Businesses With Poorly Located Offices Could Have Trouble Hiring and Retaining Employees
Businesses must pick their office locations with care and consider where the majority of employees live. U.S. employees would rather have a short commute than work at an office located near restaurants, coffee shops, retailers, or other amenities, according to a new Clutch survey of 503 full-time employees.
Almost half of employees (49%) say that proximity to home is the most important factor when considering office location.
People want to work near where they live, and an office's location can factor into their decision of the company they work for.
"Commuting costs employees time and money," said Ralph Benzakein, senior vice president of Cresa. "In times of low unemployment, employers are competing for employees on many levels. A 10-minute commute is going to look a lot more attractive to a prospective employee than an hour."
Only 16% of employees say being near food and drink options is the most important location preference for an office.
Most offices, though, are close to restaurants (70%) and coffee shops (62%), but just 22% of employees actually go out to buy lunch at work more than half the time.
Businesses should focus on locating near their employees' homes – which may not necessarily be near food and drink options.
Offices Near Public Transportation Help Businesses With Recruitment
Businesses near public transit may have an easier time finding and hiring workers, especially in urban areas.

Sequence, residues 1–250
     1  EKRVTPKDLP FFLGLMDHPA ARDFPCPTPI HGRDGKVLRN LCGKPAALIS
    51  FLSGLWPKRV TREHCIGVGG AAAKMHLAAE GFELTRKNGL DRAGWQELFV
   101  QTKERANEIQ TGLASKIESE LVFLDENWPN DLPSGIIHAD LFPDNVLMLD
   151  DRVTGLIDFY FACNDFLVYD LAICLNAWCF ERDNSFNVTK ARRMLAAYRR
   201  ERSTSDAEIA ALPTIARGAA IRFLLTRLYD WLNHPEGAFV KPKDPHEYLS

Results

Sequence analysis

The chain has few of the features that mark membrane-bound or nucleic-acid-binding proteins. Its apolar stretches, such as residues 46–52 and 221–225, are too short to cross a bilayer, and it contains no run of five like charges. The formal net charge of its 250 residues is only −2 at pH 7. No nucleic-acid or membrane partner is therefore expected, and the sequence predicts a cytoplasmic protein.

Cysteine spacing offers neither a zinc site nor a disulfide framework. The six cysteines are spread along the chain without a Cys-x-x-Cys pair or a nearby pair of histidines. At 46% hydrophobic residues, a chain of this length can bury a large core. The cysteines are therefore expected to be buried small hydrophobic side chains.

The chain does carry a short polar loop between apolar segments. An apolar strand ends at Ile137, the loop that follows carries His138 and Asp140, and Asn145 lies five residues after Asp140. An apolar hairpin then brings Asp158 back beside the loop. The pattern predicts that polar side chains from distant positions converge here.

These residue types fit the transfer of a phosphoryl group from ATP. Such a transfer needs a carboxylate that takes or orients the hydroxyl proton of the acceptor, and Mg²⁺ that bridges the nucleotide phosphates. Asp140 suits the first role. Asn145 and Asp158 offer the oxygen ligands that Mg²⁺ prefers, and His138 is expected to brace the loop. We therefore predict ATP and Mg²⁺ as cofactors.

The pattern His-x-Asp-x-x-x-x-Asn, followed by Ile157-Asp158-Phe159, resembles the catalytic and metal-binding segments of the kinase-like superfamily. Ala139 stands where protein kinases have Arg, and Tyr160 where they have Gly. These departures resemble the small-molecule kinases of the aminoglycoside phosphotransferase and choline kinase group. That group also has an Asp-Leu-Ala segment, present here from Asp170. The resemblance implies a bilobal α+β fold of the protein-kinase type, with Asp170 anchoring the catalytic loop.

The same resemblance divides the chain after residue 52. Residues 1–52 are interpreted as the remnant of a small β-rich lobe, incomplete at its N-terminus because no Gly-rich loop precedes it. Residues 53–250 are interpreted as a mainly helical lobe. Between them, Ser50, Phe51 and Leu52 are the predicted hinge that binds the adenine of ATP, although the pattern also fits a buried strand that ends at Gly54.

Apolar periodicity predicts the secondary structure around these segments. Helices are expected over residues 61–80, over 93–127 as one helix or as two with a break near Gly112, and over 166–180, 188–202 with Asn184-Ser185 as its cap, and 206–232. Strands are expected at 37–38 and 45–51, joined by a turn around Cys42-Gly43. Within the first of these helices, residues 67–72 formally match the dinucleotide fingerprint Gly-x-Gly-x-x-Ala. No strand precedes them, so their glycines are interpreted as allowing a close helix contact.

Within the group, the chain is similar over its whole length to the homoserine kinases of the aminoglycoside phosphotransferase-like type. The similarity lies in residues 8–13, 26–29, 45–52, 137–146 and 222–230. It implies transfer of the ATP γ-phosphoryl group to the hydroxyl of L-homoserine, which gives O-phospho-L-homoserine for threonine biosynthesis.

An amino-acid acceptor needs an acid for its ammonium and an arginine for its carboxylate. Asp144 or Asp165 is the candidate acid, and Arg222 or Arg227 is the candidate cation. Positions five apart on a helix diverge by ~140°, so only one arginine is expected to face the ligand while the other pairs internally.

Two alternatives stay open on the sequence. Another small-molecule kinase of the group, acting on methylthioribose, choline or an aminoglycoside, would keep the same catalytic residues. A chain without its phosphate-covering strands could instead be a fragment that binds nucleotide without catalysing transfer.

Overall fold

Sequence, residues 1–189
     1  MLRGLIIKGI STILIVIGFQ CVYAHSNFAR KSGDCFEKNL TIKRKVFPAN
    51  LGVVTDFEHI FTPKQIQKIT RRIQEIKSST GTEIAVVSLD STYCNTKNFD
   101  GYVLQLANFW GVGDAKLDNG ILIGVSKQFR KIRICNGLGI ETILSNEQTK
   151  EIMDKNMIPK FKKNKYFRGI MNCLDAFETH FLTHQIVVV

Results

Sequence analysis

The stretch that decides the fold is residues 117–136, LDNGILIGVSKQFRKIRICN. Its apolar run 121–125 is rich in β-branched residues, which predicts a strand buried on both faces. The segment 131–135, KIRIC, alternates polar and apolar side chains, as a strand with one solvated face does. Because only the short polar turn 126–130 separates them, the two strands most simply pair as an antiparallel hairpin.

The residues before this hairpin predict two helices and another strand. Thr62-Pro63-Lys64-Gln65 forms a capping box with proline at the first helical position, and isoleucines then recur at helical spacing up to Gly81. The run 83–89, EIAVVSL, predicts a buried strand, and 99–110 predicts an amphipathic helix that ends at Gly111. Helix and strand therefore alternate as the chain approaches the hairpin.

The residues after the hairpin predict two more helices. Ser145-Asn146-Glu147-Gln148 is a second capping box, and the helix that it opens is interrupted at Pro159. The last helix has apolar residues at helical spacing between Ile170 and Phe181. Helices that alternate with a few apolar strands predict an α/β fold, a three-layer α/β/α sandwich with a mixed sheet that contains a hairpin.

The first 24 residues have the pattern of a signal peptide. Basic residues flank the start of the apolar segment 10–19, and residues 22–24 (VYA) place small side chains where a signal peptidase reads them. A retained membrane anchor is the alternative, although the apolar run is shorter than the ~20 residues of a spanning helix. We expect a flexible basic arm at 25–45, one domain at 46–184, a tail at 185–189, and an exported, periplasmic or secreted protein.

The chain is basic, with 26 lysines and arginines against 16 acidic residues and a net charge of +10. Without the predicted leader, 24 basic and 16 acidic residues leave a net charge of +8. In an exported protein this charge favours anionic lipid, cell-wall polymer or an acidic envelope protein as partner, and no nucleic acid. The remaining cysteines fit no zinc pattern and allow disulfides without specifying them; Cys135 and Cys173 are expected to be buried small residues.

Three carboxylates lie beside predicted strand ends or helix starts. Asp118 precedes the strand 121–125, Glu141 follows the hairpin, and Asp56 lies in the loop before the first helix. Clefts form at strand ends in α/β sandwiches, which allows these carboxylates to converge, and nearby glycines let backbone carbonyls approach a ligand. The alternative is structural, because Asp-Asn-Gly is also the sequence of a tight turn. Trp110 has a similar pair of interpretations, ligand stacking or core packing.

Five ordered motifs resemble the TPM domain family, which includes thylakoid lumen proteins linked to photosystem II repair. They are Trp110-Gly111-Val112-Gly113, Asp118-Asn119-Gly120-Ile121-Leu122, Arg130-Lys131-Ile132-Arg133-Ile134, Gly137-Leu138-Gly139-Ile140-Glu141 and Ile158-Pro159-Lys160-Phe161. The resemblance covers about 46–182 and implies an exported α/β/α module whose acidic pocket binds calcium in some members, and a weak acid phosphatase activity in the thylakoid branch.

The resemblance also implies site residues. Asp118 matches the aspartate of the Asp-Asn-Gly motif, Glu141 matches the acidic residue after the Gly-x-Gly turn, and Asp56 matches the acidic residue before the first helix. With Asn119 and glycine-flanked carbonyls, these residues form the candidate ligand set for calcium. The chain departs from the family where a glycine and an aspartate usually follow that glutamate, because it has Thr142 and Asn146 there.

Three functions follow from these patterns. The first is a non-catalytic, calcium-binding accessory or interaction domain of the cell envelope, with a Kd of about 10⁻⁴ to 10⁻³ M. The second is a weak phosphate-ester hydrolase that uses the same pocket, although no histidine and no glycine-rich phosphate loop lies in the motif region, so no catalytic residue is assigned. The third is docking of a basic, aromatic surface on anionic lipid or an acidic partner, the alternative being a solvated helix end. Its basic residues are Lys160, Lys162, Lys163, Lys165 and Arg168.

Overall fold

About 47% of offices are near a metro, train, or bus stop, including 55% in urban areas. These companies can recruit a wider range of employees.
"Being close to mass transit allows HR departments to recruit the best and brightest from the entire labor market," said John Boyd, principal of Boyd Company.
Businesses with offices near public transportation don't have to limit themselves to only workers who commute by driving or walking.
Offices With Parking Options Save Employees Time, Stress
The majority of Americans drive to work, yet many have to worry about finding a parking spot every day.
About 70% of employees drive alone to work. Businesses that offer parking options near their offices can keep these employees happy.
"The last thing you want to do is to spend time and be late [to work] all because you were trying to find parking," said John Rampton, founder and CEO Calendar. "That is an unnecessary waste of time that can be avoided by offering parking."
Businesses that provide parking can reduce employee stress, save time, and increase productivity.
Clutch's 2019 Commercial Real Estate Survey included 503 full-time U.S. employees.